Photo by Associated Press /Chattanooga Times Free Press.

Albert Pujols: After arguably the best decade start to a career in baseball history, left St. Louis as a cult hero for more money in Anaheim. If he had stayed he could have possibly passed Stan Musial as the most-beloved player in Cards history. Now he's an Angel and he's struggled to the point where he was booed last weekend. (We think Albert would go back to St. Louis if he could. As quickly as he could, too.)

Jayson Werth: A dismal 2011 was followed by a broken wrist that ended this season even before it started. Werth still would take the Nationals' offer since they wickedly overpaid him, but wow, he looks like a big-time bust in D.C.

Tom Glavine (Old-school category): We'd bet a week's salary, if Glavine could go back and re-up with the Braves rather than signing with the Mets, he would have. In fact, make it two week's salary. (Just don't tell the Mrs. 5-at-10; we can keep this between us, right?)


Good things come to those who wait: Really, ask a Cubs fan about that. And while starting pitchers Jeff Samardzija and Ryan Dempster have been strong, the Cubs are just 12-17 after beating the Braves 5-1 last night. How bad have the bats been for the Cubs, who last won a World Series 104 years ago? Dempster, who will get the ball tonight against Atlanta, has made four starts this season and leads the majors with a 0.95 ERA. That means he's allowing less than one earned run per nine innings pitched. He's 0-1 on the year. Ouch-standing.

You mess with the Bull(s), you get the horns: The top-seeded Chicago Bulls are on the brink of being bounced in the playoffs by the Philadelphia 76ers. (And to make matters worse, the Sixers are coached by Doug Collins, the NBA coaching equivalent of assistant principle Richard Vernon, the cult classic character in "Breakfast Club" who told Bender the magical, "you mess with the bull, you get the horns." Doug Collins is the NBA coach parallel to Richard Nixon. No matter how much good was done — Collins overachieving with these 76ers; Nixon getting into China — the two huge elephants in the room — Collins couldn't win with MJ on his roster; Nixon and Watergate — overshadow everything else. OK, to be fair to these Bulls, no team in any sport could overcome losing two of its best three players to injury in the same playoff series, and even if they do advance, a Derrick Rose-less Chicago team has nothing for the Heat.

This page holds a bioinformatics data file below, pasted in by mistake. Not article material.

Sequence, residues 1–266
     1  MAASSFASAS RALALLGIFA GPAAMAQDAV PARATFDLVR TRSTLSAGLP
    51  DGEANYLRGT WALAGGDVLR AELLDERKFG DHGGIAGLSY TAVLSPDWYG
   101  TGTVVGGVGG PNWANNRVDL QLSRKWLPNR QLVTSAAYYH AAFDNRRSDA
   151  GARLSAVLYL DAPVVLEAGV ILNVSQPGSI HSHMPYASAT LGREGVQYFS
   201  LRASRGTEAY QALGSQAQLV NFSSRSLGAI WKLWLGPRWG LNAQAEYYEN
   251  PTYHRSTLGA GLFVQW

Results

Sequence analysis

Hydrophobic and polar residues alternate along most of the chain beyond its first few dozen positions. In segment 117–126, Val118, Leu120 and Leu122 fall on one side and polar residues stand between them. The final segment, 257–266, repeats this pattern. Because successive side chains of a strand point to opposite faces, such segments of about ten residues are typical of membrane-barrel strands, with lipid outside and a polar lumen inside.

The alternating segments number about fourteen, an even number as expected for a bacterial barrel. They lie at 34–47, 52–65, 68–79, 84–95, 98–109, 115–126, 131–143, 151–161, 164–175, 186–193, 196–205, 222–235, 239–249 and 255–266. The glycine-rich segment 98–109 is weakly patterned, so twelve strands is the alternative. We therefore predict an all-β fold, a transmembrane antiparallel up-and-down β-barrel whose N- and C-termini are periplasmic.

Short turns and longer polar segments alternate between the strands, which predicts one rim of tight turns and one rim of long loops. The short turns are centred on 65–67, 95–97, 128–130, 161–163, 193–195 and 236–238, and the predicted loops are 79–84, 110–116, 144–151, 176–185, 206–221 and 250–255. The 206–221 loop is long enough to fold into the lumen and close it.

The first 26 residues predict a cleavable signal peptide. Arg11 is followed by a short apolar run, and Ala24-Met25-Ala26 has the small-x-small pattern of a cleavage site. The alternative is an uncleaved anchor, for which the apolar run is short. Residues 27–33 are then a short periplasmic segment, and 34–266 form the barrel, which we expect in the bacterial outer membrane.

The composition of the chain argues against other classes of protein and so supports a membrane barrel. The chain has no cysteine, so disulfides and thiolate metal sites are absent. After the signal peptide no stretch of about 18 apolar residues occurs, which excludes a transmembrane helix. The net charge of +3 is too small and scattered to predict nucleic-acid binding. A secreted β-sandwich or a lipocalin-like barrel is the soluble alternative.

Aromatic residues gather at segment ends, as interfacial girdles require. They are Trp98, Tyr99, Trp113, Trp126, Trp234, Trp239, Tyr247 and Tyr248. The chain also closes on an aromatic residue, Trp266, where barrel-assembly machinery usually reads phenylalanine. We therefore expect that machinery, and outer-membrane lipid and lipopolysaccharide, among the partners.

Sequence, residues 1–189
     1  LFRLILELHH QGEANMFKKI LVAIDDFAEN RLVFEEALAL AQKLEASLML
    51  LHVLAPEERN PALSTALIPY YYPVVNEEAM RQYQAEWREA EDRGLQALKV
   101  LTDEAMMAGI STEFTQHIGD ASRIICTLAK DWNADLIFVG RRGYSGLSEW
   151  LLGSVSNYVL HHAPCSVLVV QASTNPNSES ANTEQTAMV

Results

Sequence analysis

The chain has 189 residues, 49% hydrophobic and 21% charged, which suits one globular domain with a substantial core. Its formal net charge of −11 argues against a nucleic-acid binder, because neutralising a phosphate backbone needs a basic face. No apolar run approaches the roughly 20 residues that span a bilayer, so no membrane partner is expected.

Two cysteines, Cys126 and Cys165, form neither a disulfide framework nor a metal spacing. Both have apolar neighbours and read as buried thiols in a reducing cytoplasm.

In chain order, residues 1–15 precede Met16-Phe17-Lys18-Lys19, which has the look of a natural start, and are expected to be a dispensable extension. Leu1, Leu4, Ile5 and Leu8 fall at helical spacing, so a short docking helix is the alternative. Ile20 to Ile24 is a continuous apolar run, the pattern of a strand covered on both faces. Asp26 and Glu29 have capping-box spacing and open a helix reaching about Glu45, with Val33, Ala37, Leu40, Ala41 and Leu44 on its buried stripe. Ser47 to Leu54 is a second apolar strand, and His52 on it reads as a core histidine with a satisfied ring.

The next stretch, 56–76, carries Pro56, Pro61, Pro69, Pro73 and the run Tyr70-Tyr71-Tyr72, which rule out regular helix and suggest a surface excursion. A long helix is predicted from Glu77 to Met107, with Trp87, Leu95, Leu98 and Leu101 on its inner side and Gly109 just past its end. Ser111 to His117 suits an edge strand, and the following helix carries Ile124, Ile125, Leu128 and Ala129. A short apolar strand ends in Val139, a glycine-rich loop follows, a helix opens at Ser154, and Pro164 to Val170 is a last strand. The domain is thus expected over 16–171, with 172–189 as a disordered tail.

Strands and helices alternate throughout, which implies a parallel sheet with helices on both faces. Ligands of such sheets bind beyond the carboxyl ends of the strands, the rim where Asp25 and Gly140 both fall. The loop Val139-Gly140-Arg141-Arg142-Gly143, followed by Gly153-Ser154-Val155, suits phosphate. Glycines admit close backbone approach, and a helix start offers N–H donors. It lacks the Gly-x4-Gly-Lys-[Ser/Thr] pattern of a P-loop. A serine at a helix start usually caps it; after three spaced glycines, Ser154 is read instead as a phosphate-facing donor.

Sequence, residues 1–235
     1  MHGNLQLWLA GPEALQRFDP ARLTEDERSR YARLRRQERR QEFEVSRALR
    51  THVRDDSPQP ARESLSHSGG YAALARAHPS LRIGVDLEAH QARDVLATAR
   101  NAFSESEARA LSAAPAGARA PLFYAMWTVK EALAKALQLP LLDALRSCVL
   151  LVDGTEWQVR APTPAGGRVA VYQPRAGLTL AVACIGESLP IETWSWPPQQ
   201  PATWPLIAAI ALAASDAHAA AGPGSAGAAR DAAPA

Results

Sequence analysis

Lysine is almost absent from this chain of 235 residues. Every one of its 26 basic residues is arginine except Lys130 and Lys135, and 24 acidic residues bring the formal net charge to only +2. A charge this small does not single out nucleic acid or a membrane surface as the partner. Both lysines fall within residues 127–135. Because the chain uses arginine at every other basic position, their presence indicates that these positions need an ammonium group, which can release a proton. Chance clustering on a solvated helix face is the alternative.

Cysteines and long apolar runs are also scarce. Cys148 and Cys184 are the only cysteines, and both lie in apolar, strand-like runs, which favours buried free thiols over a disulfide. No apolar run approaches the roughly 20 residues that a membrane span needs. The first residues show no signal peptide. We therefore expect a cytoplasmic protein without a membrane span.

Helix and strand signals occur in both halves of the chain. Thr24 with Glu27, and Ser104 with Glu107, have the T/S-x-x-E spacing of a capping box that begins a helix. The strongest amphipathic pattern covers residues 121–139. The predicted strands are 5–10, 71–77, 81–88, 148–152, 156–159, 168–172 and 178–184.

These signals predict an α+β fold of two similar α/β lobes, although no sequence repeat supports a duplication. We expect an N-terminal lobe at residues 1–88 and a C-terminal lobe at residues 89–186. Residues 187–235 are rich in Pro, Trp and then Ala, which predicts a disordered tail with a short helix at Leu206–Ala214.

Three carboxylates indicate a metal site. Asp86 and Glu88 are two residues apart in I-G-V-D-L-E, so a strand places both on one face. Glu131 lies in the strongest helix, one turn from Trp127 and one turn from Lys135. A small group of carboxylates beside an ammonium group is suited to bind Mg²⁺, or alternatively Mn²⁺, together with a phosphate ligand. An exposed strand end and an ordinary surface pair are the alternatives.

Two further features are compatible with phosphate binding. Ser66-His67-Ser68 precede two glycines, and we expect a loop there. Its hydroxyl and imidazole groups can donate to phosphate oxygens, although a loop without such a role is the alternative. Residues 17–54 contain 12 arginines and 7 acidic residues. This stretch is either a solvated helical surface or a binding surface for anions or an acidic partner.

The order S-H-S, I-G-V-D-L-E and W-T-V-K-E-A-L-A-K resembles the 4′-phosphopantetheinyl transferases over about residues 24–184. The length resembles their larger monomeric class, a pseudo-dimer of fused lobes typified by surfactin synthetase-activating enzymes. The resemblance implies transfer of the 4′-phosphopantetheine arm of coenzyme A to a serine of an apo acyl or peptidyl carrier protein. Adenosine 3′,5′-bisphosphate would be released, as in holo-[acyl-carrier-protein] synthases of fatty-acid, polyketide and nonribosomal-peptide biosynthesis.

Hard work pays off: Puh-lease. How many of us dreamed of being big leaguers? Of seeing our goofy mugs on a Topps baseball card? Well, a minute percentage of those that dream it get to live it. Unless of course you're a supermodel. Kate Upton will be part of a group of non-baseball celebs that will be part of this summer's special run of Topps cards. (Erin Andrews, Kirk Herbstriet, Arnold Palmer, Ewa Mataya, Michael Buffer, Meadowlark Lemon and Colin Montgomerie also are among the group. Wait, ... COLIN MONTGOMERIE? What?) Whatever, and since we've never meet any of these people, we can't comment on the cliche of beauty only being skin deep. (Although for Montie, well, that's no worries about the beauty part.)


Today's question

This was a point raised by something StuckinKent said yesterday.

Here's the back end of StuckinKent's post Monday: "And good night- how about Heyward's foul ball/homerun on Saturday night? He hit that thing about 700 feet it looked like. Crushed it. That's why he's one of the rising stars in the game. And Freddie Freeman looks like he might be on his way to being one of the top 1B in the game. Those two are still so young. Keep them together for the long haul and the Braves are going to be a very tough out."

But what if the Braves could only sign one of the 23-year-old studs to a 10-year, nine-figure contract? Who is it and why? And maybe this could answer this potential inquisitive cliche: What's more valuable, potential or production?

about Jay Greeson...

Jay was named the Sports Editor of the Times Free Press in 2003 and started with the newspaper in May 2002 as the Deputy Sports Editor. He was born and raised in Smyrna, Ga., and graduated from Auburn University before starting his newspaper career in 1997 with the Newnan (Ga.) Times Herald. Stops in Clayton and Henry counties in Georgia and two years as the Sports Editor of the Marietta (Ga.) Daily Journal preceded Jay’s ...

Comments do not represent the opinions of the Chattanooga Times Free Press, nor does it review every comment. Profanities, slurs and libelous remarks are prohibited. For more information you can view our Terms & Conditions and/or Ethics policy.